By BROCK VERGAKIS
SALT LAKE CITY --In an effort to keep teenagers with laptop computers
from driving around neighborhoods in search of a wireless Internet
connection to look at pornography, state lawmakers are considering a
proposal that would force homeowners to limit access to their wireless
networks with a password.
The proposed legislation comes from Cheryl Preston, an Internet law
professor at the Mormon church's Brigham Young University. She's
developed several proposals designed to keep children from seeing
pornography on the Web.
Legislators began considering them Wednesday.
"If you choose to have wireless, and allow anyone within a geographic
area (to access it), then you ought to be responsible for that and you
need to take reasonable efforts to prevent access by minors to your
service," Preston said.
Under Preston's proposal, anyone who unintentionally failed to block
access to their network would be fined. Intentionally leaving a
wireless network open to minors would be considered the same as
The proposal also says that anyone who wants to leave a wireless
network open could do so if they used a filtering program that blocks
Preston has another proposal under which Utah's Internet service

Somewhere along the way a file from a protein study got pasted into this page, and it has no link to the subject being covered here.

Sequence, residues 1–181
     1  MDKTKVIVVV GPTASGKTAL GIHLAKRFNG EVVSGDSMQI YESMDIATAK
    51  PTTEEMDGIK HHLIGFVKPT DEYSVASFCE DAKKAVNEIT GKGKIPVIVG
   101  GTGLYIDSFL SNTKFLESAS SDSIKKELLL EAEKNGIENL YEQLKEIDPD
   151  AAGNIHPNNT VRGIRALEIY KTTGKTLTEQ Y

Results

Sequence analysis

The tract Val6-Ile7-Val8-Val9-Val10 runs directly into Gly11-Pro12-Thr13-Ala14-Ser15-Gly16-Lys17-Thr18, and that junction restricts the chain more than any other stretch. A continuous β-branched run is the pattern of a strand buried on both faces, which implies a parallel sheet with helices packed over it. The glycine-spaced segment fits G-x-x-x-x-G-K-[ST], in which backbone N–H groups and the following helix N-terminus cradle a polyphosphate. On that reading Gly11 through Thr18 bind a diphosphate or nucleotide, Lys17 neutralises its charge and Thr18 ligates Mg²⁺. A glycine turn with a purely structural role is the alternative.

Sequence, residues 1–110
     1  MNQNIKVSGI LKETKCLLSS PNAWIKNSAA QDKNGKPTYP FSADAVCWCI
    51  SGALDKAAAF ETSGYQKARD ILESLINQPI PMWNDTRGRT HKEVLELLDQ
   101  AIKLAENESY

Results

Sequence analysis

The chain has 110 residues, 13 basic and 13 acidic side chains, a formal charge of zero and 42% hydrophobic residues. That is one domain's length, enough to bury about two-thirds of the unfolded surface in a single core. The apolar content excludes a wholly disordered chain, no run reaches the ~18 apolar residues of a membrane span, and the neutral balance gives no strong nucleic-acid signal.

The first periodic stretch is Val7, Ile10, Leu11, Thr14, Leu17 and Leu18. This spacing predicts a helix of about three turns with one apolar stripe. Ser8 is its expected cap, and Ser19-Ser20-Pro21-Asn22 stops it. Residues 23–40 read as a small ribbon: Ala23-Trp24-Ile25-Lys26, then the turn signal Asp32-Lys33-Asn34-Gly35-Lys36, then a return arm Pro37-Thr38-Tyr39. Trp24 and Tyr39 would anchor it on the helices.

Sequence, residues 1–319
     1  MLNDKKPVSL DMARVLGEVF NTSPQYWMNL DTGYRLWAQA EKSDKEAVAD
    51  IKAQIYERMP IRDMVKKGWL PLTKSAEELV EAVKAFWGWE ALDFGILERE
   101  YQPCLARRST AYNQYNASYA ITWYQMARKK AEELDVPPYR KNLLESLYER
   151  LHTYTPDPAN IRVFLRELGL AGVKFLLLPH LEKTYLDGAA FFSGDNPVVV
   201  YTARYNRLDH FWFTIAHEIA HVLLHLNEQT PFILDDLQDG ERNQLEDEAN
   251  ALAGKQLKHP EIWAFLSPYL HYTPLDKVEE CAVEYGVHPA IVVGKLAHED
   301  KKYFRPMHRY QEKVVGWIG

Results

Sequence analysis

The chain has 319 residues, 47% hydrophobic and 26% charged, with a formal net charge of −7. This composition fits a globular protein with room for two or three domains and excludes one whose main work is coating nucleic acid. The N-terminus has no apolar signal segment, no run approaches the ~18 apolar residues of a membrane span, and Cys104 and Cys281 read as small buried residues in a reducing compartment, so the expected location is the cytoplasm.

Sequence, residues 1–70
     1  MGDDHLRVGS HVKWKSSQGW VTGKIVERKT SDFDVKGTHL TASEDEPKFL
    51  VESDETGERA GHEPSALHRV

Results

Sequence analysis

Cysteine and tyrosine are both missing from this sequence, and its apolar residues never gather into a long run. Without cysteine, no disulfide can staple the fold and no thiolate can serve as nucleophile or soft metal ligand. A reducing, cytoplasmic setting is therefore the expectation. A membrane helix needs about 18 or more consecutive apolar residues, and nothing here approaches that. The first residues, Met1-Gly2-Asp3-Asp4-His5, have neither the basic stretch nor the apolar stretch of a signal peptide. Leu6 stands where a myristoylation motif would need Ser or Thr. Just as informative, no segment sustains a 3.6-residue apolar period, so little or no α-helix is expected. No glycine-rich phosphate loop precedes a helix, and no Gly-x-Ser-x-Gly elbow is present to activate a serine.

providers could be rewarded for filtering out pornography before it
ever reaches homes, businesses, schools or telephones in this state.
Under the proposal, Utah-based Internet service providers would be
designated as "community conscious" by state government if they
require that its Internet users don't publish obscene material, take
down obscene material and comply with court orders to remove any
prohibited content. She said tax incentives could also be offered to
companies that participate in the program.
"If you're a Utah provider we'll give you a designation that you can
use in your advertising that you're an ISP that's chosen to (be)
helpful in eliminating pornography. If you choose not to do that,
great. But the citizens in Utah will be made aware," she said.
Preston also proposed requiring Internet service providers to keep
records of who controls each Web outlet's unique IP address for two
years and an educational program for students, parents and local
governments about the impact of early exposure to pornography.
Legislators in the Public Utilities and Technology Committee were
receptive to Preston's ideas.
"You can see there's problems here, and we've got to try to solve
them," said Sen. Scott Jenkins, R-Plain City.
However, Jenkins, co-chairman of the committee, wants a closer look at
the proposals. Preston's proposals will be studied throughout the
If Jenkins' committee gives a favorable recommendation to the proposal
it would be considered by the full House or Senate in January. Bills
studied during the summer typically have a greater chance of passing
than those that don't.
Copyright 2007 Reuters, Inc.
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